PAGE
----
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The port town of Labuan Bajo

The following four days of diving were filled with a great deal of awe, a touch of terror, and loads of fun. My first experience at Batu Bolong was all of those things in one…

Batu Bolong is one of Komodo’s best-known dive sites because of the diversity of life teeming around the pinnacle. To dive at Batu Bolong is to be a tourist in a bustling fish metropolis. Of course, all that life is fed by speedy nutrient-filled seas, so just like navigating New York City at rush hour, you need to have your wits about you. You can’t just drop in and float around lolly-gagging at sea creatures.

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Batu Bolong, Komodo National Park, Indonesia

Thus my search for inner calm. When it was finally time to venture in, I was feeling ready enough. Then I rolled backwards off the boat right into a thermocline, the shocking cold of which ruined my hard-won even breathing.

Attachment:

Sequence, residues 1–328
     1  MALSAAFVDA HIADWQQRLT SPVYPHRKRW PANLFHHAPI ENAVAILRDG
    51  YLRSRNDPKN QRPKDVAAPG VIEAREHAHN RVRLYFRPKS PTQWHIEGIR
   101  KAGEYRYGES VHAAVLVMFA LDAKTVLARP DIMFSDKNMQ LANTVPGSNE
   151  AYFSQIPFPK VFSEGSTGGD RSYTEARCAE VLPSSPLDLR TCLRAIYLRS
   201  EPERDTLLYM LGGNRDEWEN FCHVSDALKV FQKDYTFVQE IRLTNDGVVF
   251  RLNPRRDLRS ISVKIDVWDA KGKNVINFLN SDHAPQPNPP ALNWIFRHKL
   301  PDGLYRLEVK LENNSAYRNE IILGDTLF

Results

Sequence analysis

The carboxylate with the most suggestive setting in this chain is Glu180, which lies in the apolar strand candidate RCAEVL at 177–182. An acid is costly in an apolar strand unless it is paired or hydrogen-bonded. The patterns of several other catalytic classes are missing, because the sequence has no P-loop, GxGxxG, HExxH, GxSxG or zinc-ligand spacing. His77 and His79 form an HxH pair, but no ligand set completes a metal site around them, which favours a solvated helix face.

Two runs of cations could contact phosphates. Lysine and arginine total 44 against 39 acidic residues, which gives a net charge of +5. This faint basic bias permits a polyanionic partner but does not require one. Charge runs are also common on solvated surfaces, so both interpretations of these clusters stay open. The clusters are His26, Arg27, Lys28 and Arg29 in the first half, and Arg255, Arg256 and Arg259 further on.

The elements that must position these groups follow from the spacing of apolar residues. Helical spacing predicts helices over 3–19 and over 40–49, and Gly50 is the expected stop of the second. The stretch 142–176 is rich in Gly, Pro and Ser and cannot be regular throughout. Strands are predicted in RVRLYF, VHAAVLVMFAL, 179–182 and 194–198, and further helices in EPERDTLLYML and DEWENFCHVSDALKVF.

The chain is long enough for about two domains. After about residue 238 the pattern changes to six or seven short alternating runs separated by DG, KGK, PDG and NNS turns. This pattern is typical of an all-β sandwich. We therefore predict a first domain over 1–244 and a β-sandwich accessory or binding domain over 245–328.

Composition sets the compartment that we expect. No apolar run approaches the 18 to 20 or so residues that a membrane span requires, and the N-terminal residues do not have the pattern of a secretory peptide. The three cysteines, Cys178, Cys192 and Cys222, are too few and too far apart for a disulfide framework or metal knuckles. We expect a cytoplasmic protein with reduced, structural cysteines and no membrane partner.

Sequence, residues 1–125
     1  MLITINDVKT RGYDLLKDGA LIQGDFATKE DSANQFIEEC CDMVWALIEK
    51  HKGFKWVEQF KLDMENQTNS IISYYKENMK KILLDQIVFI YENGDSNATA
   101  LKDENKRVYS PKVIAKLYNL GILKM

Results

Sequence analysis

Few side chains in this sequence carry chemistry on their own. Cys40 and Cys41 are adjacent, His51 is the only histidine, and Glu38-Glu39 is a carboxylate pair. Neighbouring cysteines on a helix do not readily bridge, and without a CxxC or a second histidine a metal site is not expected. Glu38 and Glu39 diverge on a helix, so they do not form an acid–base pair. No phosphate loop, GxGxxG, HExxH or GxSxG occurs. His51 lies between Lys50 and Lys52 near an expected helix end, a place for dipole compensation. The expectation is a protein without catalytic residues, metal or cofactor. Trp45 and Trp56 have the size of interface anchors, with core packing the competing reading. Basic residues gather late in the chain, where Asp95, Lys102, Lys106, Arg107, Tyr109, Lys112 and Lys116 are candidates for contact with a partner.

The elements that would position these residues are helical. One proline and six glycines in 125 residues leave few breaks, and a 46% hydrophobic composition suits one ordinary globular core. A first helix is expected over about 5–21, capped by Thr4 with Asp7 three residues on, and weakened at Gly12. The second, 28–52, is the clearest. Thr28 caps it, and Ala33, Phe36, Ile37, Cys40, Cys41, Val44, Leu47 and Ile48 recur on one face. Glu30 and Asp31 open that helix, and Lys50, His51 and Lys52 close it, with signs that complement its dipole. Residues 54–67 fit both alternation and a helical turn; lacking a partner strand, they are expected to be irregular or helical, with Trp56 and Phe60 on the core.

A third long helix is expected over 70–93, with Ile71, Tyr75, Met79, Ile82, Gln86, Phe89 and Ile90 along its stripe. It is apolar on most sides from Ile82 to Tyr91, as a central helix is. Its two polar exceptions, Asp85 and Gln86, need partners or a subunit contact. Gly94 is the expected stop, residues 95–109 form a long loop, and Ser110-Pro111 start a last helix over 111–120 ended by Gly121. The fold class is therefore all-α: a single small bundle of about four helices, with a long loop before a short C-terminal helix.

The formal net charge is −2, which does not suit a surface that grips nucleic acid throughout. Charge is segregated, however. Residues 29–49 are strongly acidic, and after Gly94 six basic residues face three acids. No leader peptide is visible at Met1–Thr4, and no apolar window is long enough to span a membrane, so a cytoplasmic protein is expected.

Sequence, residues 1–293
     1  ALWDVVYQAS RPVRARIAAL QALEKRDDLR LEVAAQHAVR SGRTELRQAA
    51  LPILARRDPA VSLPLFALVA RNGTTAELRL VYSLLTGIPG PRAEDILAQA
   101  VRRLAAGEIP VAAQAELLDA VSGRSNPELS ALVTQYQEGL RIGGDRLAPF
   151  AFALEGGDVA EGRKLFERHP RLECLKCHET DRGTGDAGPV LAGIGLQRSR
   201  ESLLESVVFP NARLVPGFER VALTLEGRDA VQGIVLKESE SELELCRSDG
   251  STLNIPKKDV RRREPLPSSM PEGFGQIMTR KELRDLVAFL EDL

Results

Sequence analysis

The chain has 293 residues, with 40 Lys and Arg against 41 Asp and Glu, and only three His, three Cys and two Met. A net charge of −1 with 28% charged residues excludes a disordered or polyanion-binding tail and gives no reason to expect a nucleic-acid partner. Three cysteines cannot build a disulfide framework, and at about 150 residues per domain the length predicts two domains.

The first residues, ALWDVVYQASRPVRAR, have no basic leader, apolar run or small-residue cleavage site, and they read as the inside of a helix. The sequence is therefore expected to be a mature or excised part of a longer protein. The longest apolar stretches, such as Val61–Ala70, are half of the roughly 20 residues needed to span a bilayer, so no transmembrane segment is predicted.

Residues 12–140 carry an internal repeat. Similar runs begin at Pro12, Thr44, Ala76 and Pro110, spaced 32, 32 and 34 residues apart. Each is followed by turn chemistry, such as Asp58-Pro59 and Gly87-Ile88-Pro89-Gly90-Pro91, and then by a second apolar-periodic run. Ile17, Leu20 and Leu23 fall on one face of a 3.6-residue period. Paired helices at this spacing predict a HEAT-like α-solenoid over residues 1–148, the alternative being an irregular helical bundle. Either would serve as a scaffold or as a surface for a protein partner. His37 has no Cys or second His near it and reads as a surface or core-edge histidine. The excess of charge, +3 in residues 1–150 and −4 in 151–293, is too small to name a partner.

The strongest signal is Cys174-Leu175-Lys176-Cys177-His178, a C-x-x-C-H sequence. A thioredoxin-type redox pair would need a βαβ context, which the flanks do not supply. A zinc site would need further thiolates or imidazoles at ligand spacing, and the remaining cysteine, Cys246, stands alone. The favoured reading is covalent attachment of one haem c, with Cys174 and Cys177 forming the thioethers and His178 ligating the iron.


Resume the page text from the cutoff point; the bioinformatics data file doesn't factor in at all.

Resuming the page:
Unfortunately there was no time for more yoga. I had to descend before the surface current carried me away. Distracted by the cold and the rush, I failed to equalize the pressure in my ears, and they squeezed painfully, a sign that further descent could rupture a drum. I paused, kicked up a tad and tried again. But I had to work hard to maintain my position in the water, and I was breathing so fast I started to panic. (If you’re a skilled diver, remember kindly that I was still a newbie.)

Looking down, I saw M. a few meters below with his eyes on me, and the rest of the group underneath already at depth. “This is it,” I thought, “It’s go deep or go home sad.” So, I tried a newly learned trick to open the back of my throat and finally felt the pressure in my ears release. At most, it was an extra 30 seconds, but with the cold and current it felt like forever.

The scene below was vibrant and stunning–so much coral, so many fish!

M. led us down and then up the pinnacle in a zigzag pattern signaling changes in direction and depth to avoid potentially hazardous currents. In one spot, he gathered our group and signaled something about the current and the rock that I didn’t understand. One of the other divers nodded, swam away from the cover of the rock and was propelled around the side of the pinnacle.